Computer Science

Speaker 1:  Professor Peter O’Hearn, Facebook and University College London Website]

Speaker 2: Professor Brad Karp – University College London Website]

Dates: April 27, 2016

Speaker Host: Professor Jon Crowcroft FRS (Science and Programme Committees)




Speaker 1: Professor Peter O’Hearn, Facebook & UCL

Reasoning with Big Code

Organisations are increasingly relying on large, evolving code bases, often involving many millions of lines of code undergoing rapid concurrent modification. Keeping the code in shape is critical to the organisations that rely on it, and this presents considerable engineering and scientific challenges. Reasoning of different forms (spanning static and dynamic verification) plays a crucial role. In this talk I will describe the reasoning at scale that we do at Facebook, and I will relay some of the experiences of deploying a static analyser that uses logical reasoning and yet works at a velocity consistent with Facebook’s fast-paced engineering culture. I will also outline what I think are some of the research opportunities and challenges posed by big code.

Peter O’Hearn is an Engineering Manager at Facebook and a Professor of Computer Science at UCL. His research has been in the broad areas of programming languages and logic, ranging from new logics and mathematical models to industrial applications of program proof. With John Reynolds he developed separation logic, a theory which opened up new practical possibilities for program proof. In 2009 he cofounded a software verification startup company, Monoidics Ltd, which was acquired by Facebook in 2013. The Facebook Infer program analyzer, developed by Peter’s team and recently open-sourced, runs on every modification to the code of Facebook’s mobile apps, in a typical month issuing millions of calls to a custom separation logic theorem prover and catching hundreds of bugs before they reach production.


Speaker 2: Professor Brad Karp, University College London

Safeguarding Users’ Sensitive Data in the Cloud and the Browser

The remote reachability of computer systems that run imperfect, vulnerable software puts individuals’ and organizations’ security and privacy at risk. Miscreants divulge users’ sensitive data by exploiting vulnerabilities in network-attached servers’ software. Even the *client side* of web applications poses acute privacy risks. Modern web applications are conglomerations of JavaScript written by multiple authors: application developers routinely incorporate code from third-party libraries, and mashup applications synthesize data and code hosted at different sites. In current browsers, a web application’s developer and user must trust third-party code in libraries not to leak the user’s sensitive information. Fundamentally, today’s browser security model trades privacy for flexibility because it lacks a sufficient mechanism for confining untrusted code. In this talk, I will describe techniques that address these privacy threats on the server and client sides of distributed applications. I will first describe how to design software that adheres to the principle of least privilege, and does not divulge sensitive information, even when successfully exploited by an attacker. I will then present COWL (Confinement with Origin Web Labels), a robust JavaScript confinement system for modern web browsers. COWL introduces label-based mandatory access control to browsing contexts in a way that is fully backward-compatible with legacy web content. I’ll use simple case-study applications to motivate COWL’s design and demonstrate how COWL allows both the inclusion of untrusted scripts in applications and the building of mashups that combine sensitive information from multiple distinct origins, all while protecting users’ privacy.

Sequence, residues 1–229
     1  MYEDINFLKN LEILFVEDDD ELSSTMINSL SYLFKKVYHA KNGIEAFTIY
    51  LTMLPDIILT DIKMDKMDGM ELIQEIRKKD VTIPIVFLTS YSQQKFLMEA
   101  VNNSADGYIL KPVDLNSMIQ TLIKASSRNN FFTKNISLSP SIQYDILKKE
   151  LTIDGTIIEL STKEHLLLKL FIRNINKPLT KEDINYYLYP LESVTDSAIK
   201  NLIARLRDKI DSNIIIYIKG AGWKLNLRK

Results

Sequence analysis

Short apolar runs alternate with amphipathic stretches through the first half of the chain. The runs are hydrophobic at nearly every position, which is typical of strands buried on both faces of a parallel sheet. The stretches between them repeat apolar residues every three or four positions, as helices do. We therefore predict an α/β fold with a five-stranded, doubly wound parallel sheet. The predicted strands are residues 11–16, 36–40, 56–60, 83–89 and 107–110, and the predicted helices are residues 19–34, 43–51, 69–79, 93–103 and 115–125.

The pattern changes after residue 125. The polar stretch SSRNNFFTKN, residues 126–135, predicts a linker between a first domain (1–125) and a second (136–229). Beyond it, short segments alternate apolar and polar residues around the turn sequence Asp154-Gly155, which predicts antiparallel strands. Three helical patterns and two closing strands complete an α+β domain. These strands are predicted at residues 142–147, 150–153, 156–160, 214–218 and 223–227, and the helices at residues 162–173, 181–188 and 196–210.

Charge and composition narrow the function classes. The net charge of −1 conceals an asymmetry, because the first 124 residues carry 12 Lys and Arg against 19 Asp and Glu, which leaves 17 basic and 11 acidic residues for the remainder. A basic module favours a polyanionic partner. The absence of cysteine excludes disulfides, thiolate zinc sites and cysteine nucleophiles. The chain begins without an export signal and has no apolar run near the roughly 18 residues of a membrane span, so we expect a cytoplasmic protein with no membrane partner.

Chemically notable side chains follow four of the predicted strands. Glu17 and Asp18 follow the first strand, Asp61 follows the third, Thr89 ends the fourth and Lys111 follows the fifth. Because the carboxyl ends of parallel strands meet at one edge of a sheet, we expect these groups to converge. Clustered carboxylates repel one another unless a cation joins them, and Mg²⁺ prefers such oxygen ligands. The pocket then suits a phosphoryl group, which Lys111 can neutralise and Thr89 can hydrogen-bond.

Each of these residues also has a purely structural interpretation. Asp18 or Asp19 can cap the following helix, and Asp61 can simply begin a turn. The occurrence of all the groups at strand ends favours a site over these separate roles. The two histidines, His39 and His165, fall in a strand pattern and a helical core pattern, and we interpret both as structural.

Brad Karp is a Professor of Computer Systems and Networks and Head of the Systems and Networks Research Group in the Department of Computer Science at University College London (UCL). His research interests span computer system and network security (current work includes web browser and JavaScript security; past work includes the Wedge secure OS extensions and the Autograph and Polygraph worm signature generation systems), large-scale distributed systems (recent work includes LOUP, a provably loop-free Internet routing protocol; past work includes the Open DHT shared public DHT service), and wireless networks (current work includes techniques for improving capacity at the MAC and PHY layers; past work includes the GPSR and CLDP scalable geographic routing protocols). Prior to taking up his post at UCL in late 2005, Karp held joint appointments at Intel Research and Carnegie Mellon, and as a researcher at ICSI at UC Berkeley. He is a recipient of the Royal Society-Wolfson Research Merit Award (2005-2010). He served as program co-chair of ACM SIGCOMM 2015, and as a member of the ACM HotNets Steering Committee from 2009-2014. Karp earned his Ph.D. in Computer Science at Harvard University in 2000, and holds a B.S. in Computer Science from Yale University, earned in 1992.